It turns out that some of our favourite condiments came about because of a bitter feud between plants and animals. All's fair in love and war …
Next time you put a dollop of wasabi on your sushi, say a little 'thank you' to the humble caterpillar.
Believe it or not, caterpillars played a huge evolutionary role in developing the pungent flavours in our favourite condiments, including mustard, horseradish and wasabi. And it turns out they've been at it for millions of years.
Here's the science: about 90 million years ago, plants began to defend themselves from snacking critters by producing chemicals called glucosinolates, which were toxic to bugs.
However, according to a new study published in Proceedings of the National Academy of Sciences, caterpillars and other bugs built up defenses to protect themselves against these glucosinolates, forcing plants to work even harder to develop stronger and sharper chemicals (like blow-your-head-off horseradish).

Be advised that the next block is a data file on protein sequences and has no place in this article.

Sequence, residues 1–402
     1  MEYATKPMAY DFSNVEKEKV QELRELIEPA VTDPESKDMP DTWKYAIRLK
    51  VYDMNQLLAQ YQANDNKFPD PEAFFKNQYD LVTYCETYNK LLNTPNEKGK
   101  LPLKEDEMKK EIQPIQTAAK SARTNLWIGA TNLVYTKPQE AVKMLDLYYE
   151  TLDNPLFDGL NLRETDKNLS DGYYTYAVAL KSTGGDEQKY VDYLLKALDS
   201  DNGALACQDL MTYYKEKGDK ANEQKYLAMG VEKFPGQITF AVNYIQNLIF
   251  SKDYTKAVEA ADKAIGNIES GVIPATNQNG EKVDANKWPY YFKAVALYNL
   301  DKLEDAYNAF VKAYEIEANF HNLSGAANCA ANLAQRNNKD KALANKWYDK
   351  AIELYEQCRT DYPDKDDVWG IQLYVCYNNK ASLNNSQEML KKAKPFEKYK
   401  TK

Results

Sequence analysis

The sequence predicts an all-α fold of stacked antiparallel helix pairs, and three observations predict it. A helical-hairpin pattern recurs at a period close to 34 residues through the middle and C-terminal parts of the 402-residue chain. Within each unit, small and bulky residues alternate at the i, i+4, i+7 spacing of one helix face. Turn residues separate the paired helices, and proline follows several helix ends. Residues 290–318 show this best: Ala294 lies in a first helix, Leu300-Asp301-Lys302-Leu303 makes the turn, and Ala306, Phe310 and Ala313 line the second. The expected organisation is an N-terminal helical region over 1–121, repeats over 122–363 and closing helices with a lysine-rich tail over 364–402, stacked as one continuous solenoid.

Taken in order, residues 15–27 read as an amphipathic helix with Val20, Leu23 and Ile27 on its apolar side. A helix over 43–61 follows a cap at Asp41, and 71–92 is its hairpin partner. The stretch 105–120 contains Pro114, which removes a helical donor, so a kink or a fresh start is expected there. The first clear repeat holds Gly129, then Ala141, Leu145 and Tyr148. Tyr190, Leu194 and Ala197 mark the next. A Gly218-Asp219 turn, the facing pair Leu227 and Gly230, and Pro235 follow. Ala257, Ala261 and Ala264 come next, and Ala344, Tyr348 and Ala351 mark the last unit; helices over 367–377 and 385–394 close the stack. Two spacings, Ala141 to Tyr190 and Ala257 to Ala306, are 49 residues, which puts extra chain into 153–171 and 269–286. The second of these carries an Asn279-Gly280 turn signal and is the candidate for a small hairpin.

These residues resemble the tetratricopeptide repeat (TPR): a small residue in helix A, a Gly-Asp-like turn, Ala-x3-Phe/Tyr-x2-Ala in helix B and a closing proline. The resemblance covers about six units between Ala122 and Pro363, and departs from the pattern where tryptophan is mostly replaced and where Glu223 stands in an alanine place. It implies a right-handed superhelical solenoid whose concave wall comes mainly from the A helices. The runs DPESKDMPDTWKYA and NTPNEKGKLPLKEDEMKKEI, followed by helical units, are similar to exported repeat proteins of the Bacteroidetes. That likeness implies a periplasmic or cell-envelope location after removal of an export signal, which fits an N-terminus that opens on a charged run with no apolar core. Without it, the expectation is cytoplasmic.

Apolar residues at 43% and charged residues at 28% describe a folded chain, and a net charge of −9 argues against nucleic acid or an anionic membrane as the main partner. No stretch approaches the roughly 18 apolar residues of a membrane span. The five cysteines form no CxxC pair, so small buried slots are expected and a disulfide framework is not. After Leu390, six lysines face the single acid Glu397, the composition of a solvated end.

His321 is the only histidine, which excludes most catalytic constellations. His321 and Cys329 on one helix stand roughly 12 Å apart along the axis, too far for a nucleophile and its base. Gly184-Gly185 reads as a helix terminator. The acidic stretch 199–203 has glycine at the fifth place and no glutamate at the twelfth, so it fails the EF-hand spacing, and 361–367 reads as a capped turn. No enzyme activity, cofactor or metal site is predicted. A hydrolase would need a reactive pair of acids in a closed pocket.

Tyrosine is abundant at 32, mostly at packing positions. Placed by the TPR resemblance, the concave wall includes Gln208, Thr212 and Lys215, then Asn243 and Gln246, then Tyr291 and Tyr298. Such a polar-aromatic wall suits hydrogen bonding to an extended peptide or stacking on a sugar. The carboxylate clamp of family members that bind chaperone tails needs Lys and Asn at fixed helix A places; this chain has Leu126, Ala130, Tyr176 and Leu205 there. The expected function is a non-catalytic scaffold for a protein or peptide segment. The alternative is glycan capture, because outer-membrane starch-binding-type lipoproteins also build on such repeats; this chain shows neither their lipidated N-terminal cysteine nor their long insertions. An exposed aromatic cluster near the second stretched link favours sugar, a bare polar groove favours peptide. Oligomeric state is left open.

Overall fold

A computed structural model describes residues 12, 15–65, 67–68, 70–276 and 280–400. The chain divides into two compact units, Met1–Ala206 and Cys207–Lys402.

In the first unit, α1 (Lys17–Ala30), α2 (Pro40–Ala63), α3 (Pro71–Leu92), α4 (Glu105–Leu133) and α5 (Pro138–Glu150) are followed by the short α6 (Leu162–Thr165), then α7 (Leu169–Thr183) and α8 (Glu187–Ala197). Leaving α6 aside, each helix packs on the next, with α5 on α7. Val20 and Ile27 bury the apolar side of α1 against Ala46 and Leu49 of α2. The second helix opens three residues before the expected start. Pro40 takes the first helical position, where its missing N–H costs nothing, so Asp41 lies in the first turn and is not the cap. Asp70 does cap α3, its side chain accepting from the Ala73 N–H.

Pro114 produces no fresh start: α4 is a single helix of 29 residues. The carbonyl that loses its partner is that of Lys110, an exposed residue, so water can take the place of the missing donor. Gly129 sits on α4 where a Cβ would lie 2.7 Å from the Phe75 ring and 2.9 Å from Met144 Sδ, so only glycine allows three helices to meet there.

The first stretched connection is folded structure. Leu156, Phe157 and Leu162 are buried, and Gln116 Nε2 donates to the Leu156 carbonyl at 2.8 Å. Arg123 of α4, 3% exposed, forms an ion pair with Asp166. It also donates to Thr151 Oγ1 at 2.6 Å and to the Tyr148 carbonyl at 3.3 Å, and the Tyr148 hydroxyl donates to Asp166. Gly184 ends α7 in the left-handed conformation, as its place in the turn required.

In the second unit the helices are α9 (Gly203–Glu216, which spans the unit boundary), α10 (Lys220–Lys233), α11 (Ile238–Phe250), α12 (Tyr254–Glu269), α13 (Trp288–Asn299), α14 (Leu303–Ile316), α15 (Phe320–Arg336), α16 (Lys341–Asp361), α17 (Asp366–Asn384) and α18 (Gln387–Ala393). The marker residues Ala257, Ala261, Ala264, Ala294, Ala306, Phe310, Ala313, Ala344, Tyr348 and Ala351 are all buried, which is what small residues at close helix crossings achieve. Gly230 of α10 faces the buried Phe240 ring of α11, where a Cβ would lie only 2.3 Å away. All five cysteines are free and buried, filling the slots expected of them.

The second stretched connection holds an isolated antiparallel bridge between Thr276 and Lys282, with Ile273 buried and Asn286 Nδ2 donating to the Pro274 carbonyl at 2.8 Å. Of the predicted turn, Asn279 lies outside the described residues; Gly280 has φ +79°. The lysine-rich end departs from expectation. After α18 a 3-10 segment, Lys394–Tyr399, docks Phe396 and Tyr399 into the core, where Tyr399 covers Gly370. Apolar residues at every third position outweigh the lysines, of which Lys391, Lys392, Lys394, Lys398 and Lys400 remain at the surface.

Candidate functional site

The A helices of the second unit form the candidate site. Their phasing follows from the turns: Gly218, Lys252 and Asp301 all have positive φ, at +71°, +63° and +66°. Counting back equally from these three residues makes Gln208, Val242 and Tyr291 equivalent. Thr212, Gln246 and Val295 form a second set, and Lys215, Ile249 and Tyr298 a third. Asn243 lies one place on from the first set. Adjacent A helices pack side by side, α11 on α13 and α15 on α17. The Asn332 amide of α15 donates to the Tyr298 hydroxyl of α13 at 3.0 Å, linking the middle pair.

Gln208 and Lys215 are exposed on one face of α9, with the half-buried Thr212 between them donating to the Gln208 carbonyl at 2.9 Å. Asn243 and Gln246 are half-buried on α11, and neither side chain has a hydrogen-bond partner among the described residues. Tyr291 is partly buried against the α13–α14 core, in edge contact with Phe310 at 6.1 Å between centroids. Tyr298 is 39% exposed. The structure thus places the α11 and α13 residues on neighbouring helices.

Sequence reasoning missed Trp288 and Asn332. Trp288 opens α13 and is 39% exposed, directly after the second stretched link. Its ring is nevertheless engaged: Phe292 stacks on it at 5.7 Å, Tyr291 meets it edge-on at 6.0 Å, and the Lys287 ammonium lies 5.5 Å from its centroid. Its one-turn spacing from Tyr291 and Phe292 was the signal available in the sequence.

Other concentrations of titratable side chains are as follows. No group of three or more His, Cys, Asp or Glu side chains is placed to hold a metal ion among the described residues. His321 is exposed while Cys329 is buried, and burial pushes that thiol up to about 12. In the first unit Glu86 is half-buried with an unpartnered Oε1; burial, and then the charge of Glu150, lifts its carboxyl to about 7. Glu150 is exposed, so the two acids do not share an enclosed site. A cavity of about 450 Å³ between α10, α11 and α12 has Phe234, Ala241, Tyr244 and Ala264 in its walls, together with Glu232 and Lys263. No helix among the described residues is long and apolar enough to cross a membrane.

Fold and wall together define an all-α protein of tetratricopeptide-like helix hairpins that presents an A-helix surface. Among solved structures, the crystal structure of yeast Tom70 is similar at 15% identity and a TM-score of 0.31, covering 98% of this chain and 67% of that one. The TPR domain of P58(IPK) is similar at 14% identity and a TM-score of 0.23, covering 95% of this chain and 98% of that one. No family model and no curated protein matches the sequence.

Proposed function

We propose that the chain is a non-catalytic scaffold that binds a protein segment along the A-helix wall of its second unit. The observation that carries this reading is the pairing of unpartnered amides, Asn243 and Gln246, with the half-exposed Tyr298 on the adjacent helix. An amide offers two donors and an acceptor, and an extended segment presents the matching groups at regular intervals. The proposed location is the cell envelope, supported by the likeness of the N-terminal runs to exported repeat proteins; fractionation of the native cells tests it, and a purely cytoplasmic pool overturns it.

According to Chris Pires, a plant evolutionary biologist and one of the study's lead authors, this "evolutionary arms race" led to the dramatic and dominant flavours we associate with spicy sauces like mustard and wasabi and even vegetables like radishes and cauliflower.
The research began with Pires and his team lining up the evolutionary family trees of Brassicales (flowering plants including cabbages and mustard).
They discovered that every time the plants evolved a new type of glucosinolate, their family tree would branch out and entirely new copies of their genes would be created. This led them to deduce how sharp-flavoured plants and caterpillars have co-evolved in tandem and how the bugs evolved to diversify themselves.
Cool stuff. Or actually, hot stuff.
"Why do you think plants have spices or any flavour at all?" asks Pires, "It's not for us." So it seems the mustard kick you like to add to your ham sandwich has a function in evolution, too.